Here some key advantages and disadvantages that are important with regards to where the Business Information resides

Advantages (native apps)

  • Higher Security because the business data is always stored on the CRM platform (not on an external server)
  • Application and hence Business Logic sits on CRM platform (this can also be a disadvantage!)
  • Better Performance because Business Data & Logic reside on CRM platform
  • Easier integration with other Apps

Disadvantages (native apps)

  • Native Apps may inherit limitations from CRM platform
  • Integration with other CRM Systems is harder
  • Every CRM user that uses a native CPQ / QTC Solutions for that CRM platform needs a license

2.How are you planning to sell your Products & Services?

If you plan to sell via all three Routes-to-Market aka Omni Channel (1. your Sales Team, 2. your Channel Partners and 3. an ecommerce website) then keep in mind that all Routes have different user experience expectations that impact the flow of business information between Front Office and Back Office Solutions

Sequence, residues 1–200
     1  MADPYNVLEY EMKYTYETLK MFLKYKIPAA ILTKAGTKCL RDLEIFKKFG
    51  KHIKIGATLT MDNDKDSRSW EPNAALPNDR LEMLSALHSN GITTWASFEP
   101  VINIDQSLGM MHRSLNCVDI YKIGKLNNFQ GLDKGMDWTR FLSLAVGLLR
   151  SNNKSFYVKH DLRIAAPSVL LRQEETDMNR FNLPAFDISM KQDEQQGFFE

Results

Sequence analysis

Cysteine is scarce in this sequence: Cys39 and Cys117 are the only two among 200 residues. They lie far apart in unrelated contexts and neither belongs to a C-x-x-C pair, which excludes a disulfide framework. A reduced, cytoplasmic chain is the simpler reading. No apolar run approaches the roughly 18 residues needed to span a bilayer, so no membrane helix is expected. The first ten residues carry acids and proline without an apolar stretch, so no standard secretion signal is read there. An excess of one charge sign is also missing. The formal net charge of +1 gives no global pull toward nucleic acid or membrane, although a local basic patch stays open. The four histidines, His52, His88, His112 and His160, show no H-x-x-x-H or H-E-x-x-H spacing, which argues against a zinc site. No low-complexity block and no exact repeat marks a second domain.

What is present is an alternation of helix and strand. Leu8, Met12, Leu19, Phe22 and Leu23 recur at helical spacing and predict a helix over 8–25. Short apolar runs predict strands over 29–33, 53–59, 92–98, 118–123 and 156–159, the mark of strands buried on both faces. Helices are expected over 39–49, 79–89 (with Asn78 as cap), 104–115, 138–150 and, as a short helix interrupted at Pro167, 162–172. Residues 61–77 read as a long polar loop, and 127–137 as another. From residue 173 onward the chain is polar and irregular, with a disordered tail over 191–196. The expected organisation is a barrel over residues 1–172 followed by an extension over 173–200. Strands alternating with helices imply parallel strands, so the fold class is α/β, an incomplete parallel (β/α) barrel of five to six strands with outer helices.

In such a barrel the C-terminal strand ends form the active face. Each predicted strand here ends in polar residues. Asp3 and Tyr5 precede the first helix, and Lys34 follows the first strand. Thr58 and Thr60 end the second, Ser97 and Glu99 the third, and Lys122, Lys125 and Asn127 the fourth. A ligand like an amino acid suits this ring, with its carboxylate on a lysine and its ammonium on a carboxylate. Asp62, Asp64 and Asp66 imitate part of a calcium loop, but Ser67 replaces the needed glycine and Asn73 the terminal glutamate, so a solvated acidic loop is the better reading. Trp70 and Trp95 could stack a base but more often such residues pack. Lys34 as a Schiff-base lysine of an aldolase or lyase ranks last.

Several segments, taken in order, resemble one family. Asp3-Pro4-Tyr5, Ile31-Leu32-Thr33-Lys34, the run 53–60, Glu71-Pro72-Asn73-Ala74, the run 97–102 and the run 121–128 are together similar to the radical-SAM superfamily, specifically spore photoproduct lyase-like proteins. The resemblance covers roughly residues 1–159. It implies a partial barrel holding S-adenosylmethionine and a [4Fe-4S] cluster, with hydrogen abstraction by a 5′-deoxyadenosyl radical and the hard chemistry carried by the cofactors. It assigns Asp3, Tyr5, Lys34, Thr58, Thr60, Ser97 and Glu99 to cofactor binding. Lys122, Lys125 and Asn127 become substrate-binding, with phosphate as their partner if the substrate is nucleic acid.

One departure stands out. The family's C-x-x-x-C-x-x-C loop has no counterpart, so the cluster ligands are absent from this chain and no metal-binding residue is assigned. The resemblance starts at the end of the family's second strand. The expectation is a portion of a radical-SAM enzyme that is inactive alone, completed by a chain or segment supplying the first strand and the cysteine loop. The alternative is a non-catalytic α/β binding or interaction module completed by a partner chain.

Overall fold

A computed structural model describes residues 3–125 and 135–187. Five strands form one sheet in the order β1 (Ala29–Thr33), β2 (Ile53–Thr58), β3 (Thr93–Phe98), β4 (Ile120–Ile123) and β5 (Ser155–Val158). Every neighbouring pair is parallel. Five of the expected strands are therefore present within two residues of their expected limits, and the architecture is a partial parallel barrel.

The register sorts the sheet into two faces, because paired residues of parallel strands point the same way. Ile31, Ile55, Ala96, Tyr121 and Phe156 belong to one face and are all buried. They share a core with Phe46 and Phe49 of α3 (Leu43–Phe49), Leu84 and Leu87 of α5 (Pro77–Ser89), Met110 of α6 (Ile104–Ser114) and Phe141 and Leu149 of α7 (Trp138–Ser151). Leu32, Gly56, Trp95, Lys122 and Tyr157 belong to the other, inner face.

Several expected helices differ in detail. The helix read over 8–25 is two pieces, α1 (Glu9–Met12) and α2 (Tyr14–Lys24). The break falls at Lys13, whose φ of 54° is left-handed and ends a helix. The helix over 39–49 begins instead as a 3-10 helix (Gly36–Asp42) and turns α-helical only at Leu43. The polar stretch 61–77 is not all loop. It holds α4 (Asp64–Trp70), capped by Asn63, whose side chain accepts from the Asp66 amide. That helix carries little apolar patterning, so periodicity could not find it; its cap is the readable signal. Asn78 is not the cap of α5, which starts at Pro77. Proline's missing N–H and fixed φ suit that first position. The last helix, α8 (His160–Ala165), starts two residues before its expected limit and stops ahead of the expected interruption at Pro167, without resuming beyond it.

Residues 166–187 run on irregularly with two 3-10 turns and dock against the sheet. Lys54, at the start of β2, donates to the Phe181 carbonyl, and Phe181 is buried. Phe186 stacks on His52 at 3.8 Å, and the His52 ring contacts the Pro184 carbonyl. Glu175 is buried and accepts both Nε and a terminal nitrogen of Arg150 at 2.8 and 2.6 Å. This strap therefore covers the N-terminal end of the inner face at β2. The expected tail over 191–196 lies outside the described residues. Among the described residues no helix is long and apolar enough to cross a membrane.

Sales Team Expectations (= frequent users)

  • Fast Performance
  • Help (limited), if any
  • Receive guidance concerning Product Configuration and Pricing

Channel Partner Teams (= frequent and infrequent users)

  • Fast Performance
  • Help (Channel Partner specific) e.g. show documents, images, videos as needed
  • Receive guidance concerning Product Configuration and Pricing for Channel Partners

Ecommerce website (Customer = occasional user)

  • Fast Performance
  • Full Help e.g. show documents, images, videos, chat capability
  • Receive guidance concerning complete Product Offering

A solid, scalable and performance oriented process is required that ensures the required business information is available as needed.

3.Do you need Contract Lifecycle Management (CLM)?

Definition:

CLM enables a Sales Organization to coordinate contract creation, approvals, negotiation and execution with customers and multiple parties within the company, and to manage all contracts in one place. Some contract examples are a Non-Disclosure Agreement (NDA), Sales Contract (terms & conditions) and Statement of Work (SOW).

Not all businesses require complex contract negotiations, however, those that do can benefit significantly from a solution that automates the full contract lifecycle. CLM solutions are similar to CPQ and QTC in that they are often designed for a specific CRM solution. Hence look at point 1